‘Spider-man: Into the Spider-Verse’ wasn’t an ordinary Spiderman movie, not only for its unorthodox story but also for its remarkable and truly outstanding sound. The filmmakers took the story we’re all familiar with and turned it upside down a bit, letting the audience know that the character is more than just some random friendly guy who wears a mask in your neighborhood.
The film goes about a teenager from Brooklyn, Miles Morales, who is currently struggling with all the things a teenager lives in addition to the fact that he is, well, Spiderman. Audio played no less than a pivotal role in this film. Sony supervising sound editors, Geoff Rubay, and Curt Shulkey earlier this year won an MPSE Award for Outstanding Achievement in Sound Editing due to their work on the film. So, what’s so special about this particular movie sound-wise? Let’s find out.
The movie is fun, clever, it definitely has an attitude and a defined style. It is also really energetic. The sound elements found in the movie are definitely stylistic and eye-catching as the moving images. They do a great job supporting not only the story but also each character. Given the fact that the movie is a mix of fantastic and realistic elements, right from the beginning, one can tell that sound elements make an effort to stay true to the incredible nature of the film’s visuals.
The sound editing team also did a great job in making the film feel believable despite the fact that its nature is rather unrealistic; however, through sound, the sound team managed to support the story whilst staying away from a common mistake: make all things sound awesome.
In an interview, Shulkey mentioned that the team assembled about 9.5 months before completion, which allowed them to get neck-deep involved in the sound design and sound creation processes from the very first studio screening, right on to the end of the final version. This way of working allowed both sound professionals and their teams to create sound and test sound ideas in advance of the images, or even to influence the development of pace and new imagery.
Given their level of involvement and commitment, the directors allowed them to speculate on what kinds of sounds might suit the upcoming moving images and scenes, which also allowed directors to mold their ideas in a much better way visually-wise.
Live-Action v.s. Animation
Traditionally, whenever sound professionals work in a live-action film, the vast majority of all of the imagery has already been shot even before they begin their work. Being this project an animated film, the sound editing team had more creative involvement and, of course, more time to test out new things and develop new ideas. When it comes to animated films, a high percentage of the project is still in storyboards by the time the sound team is brought to the table, which ultimately allows animators to adjust their work to fit the sounds that are being created As visual elements develop, sound professionals begin creating layers of sound to support the moving images.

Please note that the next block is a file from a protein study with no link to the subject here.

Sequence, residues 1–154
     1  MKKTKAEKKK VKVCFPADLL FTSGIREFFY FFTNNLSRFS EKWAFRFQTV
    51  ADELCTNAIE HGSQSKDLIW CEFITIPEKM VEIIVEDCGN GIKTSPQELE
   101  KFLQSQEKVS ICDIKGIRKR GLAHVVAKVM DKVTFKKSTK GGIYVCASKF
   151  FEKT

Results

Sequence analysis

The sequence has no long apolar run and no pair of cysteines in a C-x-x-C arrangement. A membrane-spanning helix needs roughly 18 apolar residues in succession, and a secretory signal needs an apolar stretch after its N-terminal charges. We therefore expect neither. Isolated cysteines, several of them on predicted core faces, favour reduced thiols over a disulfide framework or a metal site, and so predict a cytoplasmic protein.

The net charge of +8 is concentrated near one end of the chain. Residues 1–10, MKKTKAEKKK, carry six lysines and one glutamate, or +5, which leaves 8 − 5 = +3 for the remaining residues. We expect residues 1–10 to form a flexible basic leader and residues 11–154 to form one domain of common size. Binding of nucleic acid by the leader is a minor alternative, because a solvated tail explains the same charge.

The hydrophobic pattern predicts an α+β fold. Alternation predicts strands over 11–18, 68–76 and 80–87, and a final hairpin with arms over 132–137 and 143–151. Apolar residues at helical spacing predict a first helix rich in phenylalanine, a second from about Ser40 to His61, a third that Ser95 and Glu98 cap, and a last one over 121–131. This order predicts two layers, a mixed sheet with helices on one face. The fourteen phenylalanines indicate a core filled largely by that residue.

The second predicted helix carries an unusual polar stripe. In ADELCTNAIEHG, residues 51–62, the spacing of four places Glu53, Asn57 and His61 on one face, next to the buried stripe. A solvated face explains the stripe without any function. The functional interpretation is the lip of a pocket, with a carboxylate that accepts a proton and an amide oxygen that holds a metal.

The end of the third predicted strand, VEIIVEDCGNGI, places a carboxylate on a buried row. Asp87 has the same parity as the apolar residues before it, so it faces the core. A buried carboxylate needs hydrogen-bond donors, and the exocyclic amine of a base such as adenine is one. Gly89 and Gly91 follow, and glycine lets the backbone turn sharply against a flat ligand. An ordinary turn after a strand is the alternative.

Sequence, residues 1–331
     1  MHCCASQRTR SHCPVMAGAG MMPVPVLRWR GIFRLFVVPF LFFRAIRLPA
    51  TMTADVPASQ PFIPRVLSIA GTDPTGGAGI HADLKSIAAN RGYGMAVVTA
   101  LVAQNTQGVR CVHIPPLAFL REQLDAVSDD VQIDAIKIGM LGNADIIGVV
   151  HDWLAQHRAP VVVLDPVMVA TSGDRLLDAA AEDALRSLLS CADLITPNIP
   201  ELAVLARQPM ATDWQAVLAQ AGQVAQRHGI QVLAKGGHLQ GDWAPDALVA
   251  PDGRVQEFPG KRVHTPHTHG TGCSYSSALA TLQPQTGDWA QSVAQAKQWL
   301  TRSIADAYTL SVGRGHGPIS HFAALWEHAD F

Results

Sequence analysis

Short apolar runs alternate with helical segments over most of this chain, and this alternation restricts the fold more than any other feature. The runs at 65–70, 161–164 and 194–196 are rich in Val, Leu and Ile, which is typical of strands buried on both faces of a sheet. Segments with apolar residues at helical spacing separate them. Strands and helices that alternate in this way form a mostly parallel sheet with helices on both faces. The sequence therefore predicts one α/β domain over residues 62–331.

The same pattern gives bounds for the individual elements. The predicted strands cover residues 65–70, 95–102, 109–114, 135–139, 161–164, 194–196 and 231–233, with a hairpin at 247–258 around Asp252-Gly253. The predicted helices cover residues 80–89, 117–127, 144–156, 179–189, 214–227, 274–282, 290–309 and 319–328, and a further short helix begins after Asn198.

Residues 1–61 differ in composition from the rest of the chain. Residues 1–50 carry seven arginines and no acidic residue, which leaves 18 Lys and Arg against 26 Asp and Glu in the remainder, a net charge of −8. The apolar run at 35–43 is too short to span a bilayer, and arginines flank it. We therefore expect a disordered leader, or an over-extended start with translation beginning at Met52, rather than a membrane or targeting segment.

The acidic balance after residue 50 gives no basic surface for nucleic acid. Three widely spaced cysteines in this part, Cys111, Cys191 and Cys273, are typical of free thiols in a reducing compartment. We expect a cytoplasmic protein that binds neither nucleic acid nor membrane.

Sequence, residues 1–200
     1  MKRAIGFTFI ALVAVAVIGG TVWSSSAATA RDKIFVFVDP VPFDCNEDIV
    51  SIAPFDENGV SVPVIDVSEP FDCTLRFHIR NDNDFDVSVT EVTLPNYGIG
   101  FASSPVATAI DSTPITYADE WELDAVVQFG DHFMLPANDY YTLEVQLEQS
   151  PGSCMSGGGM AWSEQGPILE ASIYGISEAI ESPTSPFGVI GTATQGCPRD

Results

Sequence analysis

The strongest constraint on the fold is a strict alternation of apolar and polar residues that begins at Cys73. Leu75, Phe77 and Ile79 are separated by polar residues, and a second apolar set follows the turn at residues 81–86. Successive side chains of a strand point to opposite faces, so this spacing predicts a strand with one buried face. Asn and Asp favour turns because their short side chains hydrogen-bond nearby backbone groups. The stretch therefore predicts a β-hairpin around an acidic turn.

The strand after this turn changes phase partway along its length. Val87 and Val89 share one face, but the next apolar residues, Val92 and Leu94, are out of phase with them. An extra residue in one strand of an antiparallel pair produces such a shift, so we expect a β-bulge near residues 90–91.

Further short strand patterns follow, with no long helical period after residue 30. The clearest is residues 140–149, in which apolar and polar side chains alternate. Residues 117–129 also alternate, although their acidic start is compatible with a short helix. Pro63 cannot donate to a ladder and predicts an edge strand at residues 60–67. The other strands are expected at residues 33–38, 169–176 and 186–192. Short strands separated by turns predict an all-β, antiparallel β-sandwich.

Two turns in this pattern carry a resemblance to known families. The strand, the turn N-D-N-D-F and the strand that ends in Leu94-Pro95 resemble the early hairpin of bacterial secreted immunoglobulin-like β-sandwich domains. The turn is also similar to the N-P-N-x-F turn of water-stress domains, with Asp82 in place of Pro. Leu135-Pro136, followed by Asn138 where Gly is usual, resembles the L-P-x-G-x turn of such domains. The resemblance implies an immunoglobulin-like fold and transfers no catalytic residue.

One of the best parts of developing sound for an animated movie is that not a single sound is imposed by the real world, unlike the vast majority of live-action projects, Normally, in a live-action film, if a dialogue scene is shot on a city street in San Francisco, there’s a lot of ambient noise such as traffic built into the dialogue lines.
A director’s main goal is to keep the spontaneity of the talent’s original performance. In animated films like ‘Spider-Man: Into the Spider-Verse’, the sound team didn’t have that problem —sound effects and ambiances were created without previous recording and environmental noises, making the film feel very organic and natural.
Working in animated movies provides sound and audio professionals with a bit more freedom, as there is no production track, and they can simply add new sounds and new layers of sound to the animations; however, more is not always better.
This film is an animated film with a rather unique visual style. At times, it seems as though the sound editing team played the effects straight as if they were working on a live-action motion picture; other times, they removed any notion of reality to set the tone and emphasize the realistic v.s. Non- realistic debate within the film.
There’s a lot of snapping sounds and hard angle turns, all of which support the story as they are really in close proximity with the action. Sound is what makes your eye turn or notice something special, and sound is also what further enhances the image when frames are expanded.
On a final note, both Shulkey and Rubay mentioned that they used ProTools for this movie, especially Pitch ‘n’ Time, Envy, Reverbs by Exponential Audio, and a sheer array of recording rigs and microphones of all sorts.
*The images used on this post are taken from Pexels.com